Paracelsus Healthcare Corp. is off to a troubled start as a publicly traded hospital company, launching an internal investigation into its accounting and financial activities.
Less than two months after the completion of its merger with Champion Healthcare Corp., Paracelsus said last week it will report lower-than-expected quarterly earnings. The Houston-based company also appointed an internal committee and hired a law firm to examine the shortfall.
"The inquiry will explore accounting and financial reporting practices and procedures, including certain corporate reserve practices," a company statement said.
The company would not disclose the amount of what it termed an earnings shortfall.
With $700 million in 1995 revenues, the new Paracelsus in August became the nation's sixth-largest investor-owned hospital company. It owns and operates 31 hospitals in 11 states.
But by the middle of last week, Paracelsus was scrambling to calm investors. On Oct. 10, the company suspended the trading of its stock on the New York Stock Exchange for several hours.
Paracelsus, which had been privately held since it was founded in 1981, has been publicly traded since August (Aug. 29, p. 21).
Paracelsus said its board has appointed a special committee of non-management members and has hired an outside law firm, Wilmer, Cutler & Pickering of Washington, to look into the earnings shortfall and financial irregularities.
The lower-than-expected earnings for the quarter ended Sept. 30 are expected to be released in mid-November, the company said. Earnings for the quarter were originally projected at about 11 cents per share. The updated projection was unavailable.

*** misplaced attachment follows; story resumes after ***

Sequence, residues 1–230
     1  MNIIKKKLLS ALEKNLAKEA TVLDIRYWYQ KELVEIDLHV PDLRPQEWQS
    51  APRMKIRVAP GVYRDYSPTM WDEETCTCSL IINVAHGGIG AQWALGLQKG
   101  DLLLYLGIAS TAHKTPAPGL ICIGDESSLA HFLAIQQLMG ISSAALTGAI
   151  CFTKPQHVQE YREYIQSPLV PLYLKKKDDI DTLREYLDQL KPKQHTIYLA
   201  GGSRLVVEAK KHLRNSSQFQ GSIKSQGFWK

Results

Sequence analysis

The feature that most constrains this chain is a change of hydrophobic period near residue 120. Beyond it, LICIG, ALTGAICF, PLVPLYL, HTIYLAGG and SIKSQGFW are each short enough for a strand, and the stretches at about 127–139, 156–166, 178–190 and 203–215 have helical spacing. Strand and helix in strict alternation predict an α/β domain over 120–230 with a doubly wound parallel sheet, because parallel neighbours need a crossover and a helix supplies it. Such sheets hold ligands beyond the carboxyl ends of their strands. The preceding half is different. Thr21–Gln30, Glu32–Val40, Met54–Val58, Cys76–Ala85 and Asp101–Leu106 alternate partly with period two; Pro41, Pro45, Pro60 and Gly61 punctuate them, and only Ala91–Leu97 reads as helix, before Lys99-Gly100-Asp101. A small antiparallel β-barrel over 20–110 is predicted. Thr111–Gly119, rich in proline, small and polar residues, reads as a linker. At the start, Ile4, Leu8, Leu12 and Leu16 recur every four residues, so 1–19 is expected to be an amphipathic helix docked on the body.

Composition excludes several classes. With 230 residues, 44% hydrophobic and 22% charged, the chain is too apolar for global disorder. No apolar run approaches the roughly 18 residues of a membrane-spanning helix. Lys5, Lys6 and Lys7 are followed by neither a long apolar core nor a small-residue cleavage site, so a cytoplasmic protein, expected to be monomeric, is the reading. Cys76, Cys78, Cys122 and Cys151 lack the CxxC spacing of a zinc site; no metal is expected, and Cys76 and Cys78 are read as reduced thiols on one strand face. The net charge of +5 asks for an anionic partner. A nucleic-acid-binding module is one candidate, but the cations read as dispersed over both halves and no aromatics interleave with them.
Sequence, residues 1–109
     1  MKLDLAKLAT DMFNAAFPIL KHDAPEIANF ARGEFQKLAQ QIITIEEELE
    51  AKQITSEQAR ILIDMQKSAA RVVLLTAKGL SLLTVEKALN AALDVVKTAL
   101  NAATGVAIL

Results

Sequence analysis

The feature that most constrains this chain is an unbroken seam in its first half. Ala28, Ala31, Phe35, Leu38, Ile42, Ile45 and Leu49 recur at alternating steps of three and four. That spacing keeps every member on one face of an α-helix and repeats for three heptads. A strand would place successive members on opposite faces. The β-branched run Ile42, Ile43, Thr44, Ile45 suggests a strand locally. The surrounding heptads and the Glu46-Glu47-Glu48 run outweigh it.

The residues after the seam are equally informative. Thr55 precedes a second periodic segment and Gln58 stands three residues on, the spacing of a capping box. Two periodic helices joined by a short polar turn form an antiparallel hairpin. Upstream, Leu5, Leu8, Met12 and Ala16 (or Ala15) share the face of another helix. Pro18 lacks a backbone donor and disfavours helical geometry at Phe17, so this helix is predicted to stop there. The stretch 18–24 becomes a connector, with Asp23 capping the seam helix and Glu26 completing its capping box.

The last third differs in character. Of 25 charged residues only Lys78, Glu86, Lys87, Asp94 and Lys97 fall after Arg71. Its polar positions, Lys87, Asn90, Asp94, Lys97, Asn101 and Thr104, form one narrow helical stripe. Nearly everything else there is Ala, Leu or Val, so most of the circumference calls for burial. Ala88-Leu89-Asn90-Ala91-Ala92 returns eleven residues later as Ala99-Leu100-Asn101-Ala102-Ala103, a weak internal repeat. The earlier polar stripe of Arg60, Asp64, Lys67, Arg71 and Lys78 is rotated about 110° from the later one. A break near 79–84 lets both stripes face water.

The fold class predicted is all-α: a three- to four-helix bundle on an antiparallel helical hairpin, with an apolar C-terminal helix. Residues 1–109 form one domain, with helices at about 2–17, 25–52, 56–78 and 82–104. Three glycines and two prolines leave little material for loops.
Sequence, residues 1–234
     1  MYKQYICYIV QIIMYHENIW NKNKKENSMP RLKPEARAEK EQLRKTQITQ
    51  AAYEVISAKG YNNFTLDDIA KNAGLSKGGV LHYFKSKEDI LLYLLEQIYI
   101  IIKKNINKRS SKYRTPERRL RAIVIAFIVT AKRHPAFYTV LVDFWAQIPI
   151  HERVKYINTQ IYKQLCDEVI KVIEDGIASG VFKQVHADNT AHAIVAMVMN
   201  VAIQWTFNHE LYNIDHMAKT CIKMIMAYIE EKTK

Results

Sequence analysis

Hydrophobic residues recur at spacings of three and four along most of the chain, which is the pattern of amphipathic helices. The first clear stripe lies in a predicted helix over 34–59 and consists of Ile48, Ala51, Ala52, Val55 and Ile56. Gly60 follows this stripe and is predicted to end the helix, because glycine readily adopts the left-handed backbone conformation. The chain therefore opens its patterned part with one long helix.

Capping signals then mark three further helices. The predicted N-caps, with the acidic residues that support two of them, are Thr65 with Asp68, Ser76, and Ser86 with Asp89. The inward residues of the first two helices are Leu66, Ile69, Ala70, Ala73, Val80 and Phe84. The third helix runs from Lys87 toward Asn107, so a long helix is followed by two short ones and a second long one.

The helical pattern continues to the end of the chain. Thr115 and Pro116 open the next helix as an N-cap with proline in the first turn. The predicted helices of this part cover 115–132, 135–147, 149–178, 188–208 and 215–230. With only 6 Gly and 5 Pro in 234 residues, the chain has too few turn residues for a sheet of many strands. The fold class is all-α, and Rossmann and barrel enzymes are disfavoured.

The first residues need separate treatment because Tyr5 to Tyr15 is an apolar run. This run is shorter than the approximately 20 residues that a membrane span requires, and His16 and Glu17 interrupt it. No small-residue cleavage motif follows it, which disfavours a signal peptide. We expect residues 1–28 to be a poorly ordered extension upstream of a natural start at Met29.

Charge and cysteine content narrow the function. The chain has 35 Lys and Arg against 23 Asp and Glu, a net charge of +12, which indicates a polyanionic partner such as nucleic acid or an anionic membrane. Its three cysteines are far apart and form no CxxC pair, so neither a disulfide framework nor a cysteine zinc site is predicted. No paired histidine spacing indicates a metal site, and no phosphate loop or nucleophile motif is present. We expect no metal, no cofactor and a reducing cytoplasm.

Paracelsus stock was trading at about $10 a share last week.
The company blamed the downward earnings estimate on lower operating results from its facilities in Los Angeles. Paracelsus operates five acute-care hospitals and three psychiatric hospitals in the Los Angeles area.
"Because certain Los Angeles metropolitan area hospitals are not expected to improve in the short term, the company's post-merger strategy is to explore divesting these facilities," the company said. "The company expects to treat certain of these hospitals as discontinued operations for accounting purposes. In light of these factors, the company expects a significantly larger loss for the quarter than anticipated."
The company also announced that Angelo Mozilo, chairman and chief executive officer of Pasadena, Calif.-based Countrywide Home Loans, one of the nation's largest lenders, resigned from Paracelsus' board. No reason was given for the resignation.